There’s an exchange in Frank Darabont’s film The Mist where two characters trapped in a supermarket at the end of the world discuss whether having faith in humanity’s inherent goodness is wise or whether, once the lights go out and you frighten everybody bad enough, they’ll revert to caveman brain. The Mist comes down, and it comes down hard, on the side of post-apocalyptic misanthropy, and now it’s got a good bad-time buddy in Veronika Franz and Severin Fiala’s traumatically delicious The Lodge (their follow-up to the glorious Goodnight Mommy), out in theaters this weekend.
We don’t meet our main character of Grace (Riley Keough) until a good fifteen minutes into The Lodge, instead spending our set-up with her presumptive family-to-be — psychotherapist Richard (Richard Armitage) with his teenaged boy Aiden (Jaeden Martell) and approximate tween Mia (Lia McHugh) — as they deal with the dissolution of their previous familial arrangement, leaving their depressed Mom (Alicia Silverstone) in the dust. And it won’t be the first time this film leaves its sense of Grace delayed, let’s leave it at that.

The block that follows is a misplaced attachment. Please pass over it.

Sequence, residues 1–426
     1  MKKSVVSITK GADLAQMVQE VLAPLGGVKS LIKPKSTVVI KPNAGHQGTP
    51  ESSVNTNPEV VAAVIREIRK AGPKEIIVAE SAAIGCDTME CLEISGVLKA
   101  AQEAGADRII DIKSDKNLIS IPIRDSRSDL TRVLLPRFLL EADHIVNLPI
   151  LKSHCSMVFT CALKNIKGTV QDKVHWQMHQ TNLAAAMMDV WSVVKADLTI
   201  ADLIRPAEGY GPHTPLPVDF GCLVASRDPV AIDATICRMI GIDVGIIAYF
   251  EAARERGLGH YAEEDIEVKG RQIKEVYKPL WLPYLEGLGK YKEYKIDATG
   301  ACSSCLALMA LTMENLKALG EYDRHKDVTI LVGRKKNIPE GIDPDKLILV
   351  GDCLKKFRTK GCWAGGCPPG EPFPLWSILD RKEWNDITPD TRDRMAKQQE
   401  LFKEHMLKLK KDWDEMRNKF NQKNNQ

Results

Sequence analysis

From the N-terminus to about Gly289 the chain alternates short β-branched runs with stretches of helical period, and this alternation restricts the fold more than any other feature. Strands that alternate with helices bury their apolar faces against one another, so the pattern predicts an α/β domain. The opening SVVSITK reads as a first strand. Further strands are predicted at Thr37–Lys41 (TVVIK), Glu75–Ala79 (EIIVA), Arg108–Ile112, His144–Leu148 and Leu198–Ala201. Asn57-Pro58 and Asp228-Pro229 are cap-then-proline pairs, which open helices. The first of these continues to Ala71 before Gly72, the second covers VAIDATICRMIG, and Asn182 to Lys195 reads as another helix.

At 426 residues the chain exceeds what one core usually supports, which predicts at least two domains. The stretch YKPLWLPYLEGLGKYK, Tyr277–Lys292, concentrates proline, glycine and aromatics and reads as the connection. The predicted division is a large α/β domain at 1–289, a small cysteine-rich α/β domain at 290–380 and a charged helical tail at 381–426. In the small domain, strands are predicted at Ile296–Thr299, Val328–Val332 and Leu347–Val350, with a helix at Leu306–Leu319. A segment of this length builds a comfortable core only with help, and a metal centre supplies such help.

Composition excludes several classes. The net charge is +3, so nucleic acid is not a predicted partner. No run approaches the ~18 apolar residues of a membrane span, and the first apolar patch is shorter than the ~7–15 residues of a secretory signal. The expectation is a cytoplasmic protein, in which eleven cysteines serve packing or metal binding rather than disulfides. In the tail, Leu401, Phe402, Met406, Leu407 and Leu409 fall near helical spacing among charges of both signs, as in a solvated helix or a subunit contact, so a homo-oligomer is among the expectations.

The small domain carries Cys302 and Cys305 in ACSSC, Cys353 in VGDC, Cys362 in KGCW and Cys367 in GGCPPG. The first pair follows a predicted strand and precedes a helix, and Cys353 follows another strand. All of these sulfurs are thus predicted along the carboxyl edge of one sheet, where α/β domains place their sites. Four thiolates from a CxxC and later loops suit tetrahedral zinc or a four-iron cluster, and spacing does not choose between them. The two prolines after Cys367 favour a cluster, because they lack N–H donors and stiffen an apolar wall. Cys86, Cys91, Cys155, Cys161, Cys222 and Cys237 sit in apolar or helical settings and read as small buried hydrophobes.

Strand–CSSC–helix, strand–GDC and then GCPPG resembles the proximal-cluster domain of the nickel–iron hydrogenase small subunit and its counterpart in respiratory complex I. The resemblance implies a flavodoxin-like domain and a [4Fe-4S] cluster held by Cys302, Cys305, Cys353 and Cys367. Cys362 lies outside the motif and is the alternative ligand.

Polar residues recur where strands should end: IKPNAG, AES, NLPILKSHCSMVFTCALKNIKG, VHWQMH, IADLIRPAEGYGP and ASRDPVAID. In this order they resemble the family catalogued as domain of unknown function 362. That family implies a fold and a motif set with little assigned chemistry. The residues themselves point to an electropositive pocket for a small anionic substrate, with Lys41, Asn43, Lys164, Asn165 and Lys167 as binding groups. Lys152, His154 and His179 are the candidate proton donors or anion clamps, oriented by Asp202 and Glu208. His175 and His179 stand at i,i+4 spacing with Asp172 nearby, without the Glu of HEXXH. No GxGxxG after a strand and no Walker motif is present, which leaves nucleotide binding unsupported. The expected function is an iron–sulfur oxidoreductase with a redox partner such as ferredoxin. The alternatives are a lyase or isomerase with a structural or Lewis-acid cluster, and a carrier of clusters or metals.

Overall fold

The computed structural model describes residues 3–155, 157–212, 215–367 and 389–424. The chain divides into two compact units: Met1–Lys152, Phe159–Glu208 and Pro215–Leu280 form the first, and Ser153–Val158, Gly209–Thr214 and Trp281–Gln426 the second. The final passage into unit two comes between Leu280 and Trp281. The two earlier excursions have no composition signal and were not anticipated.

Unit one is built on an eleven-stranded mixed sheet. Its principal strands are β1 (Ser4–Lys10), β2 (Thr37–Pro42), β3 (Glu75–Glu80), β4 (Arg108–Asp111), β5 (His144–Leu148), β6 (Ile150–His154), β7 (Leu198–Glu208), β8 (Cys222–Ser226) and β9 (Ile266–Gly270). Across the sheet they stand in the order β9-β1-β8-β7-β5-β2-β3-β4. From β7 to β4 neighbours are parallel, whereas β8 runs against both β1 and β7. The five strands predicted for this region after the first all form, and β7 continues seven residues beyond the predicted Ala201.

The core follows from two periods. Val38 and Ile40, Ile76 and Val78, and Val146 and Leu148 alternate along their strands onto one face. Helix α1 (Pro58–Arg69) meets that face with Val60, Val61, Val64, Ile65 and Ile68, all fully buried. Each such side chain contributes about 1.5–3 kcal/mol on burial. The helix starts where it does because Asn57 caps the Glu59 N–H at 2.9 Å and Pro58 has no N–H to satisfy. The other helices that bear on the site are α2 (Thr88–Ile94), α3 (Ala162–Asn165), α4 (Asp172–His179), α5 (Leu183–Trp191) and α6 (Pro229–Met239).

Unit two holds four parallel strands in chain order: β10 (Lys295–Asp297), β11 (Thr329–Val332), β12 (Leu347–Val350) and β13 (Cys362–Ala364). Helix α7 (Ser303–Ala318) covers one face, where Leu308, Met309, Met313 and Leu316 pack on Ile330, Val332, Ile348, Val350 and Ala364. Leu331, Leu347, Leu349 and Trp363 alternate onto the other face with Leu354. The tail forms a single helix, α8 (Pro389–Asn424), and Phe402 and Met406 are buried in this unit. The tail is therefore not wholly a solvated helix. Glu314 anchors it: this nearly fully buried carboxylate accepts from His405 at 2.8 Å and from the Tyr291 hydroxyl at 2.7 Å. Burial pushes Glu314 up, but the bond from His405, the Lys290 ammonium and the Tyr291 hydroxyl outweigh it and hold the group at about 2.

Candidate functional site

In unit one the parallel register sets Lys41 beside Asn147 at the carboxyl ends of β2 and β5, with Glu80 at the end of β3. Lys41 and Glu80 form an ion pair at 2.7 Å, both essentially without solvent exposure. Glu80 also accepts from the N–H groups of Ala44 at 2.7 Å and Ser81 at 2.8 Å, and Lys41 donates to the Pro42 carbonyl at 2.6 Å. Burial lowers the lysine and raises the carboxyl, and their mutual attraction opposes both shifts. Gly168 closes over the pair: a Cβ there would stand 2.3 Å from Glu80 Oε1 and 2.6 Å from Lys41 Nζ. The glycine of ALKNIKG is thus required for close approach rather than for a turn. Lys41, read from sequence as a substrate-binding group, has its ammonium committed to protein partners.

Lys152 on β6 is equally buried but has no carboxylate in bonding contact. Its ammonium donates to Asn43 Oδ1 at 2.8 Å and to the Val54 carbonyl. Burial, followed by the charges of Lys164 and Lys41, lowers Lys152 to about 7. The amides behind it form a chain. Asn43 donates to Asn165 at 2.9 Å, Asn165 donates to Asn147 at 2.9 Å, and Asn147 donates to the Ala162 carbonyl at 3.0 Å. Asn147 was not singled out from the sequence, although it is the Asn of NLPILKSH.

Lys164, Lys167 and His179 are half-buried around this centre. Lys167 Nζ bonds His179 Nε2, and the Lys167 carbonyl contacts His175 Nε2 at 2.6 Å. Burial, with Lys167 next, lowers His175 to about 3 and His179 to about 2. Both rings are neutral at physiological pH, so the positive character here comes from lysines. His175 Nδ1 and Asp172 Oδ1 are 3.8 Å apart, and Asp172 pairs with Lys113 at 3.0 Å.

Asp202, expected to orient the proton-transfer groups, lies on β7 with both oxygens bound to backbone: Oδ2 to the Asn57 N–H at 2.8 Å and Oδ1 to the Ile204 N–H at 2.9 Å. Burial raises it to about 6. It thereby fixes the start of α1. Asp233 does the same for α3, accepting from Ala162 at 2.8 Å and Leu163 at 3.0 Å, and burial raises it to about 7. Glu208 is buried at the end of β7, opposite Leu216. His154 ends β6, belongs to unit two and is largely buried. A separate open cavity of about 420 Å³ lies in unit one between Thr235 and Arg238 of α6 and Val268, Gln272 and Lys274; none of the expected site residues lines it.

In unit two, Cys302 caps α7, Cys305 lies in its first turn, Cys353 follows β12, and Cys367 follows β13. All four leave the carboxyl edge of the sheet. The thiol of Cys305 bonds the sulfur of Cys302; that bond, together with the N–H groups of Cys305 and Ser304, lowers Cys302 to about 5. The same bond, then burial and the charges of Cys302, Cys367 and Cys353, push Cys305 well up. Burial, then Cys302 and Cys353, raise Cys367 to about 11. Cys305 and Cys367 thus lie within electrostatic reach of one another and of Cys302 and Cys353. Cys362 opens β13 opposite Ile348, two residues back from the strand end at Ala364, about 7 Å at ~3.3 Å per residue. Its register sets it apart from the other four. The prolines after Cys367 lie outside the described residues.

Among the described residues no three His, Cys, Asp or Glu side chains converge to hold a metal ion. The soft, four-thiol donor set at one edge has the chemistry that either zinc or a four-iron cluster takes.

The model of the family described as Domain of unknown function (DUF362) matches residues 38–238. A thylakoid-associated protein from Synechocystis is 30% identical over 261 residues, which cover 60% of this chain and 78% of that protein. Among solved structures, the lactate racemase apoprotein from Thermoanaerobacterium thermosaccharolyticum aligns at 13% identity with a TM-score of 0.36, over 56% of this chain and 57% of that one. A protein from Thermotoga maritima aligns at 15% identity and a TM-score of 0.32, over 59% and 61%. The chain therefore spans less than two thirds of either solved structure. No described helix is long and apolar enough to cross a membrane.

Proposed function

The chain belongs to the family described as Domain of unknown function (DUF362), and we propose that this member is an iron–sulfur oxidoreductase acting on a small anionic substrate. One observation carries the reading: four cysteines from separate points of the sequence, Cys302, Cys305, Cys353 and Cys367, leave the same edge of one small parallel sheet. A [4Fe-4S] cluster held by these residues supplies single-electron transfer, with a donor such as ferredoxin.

Keough haunts these early scenes, though — the back of her head exiting a garden here, a milky figure wavering behind frosted glass there — more of a spectre than a person. And as the film does eventually close in on her, staring hard in the face of Grace and her terrible past, marking her terrible future, her ghostliness becomes inescapable — her attempts at finding form, at finding a sane place in the world where she can define herself outside of all her traumas, rattle like sand on an earthquake surface. Everything disassembles.
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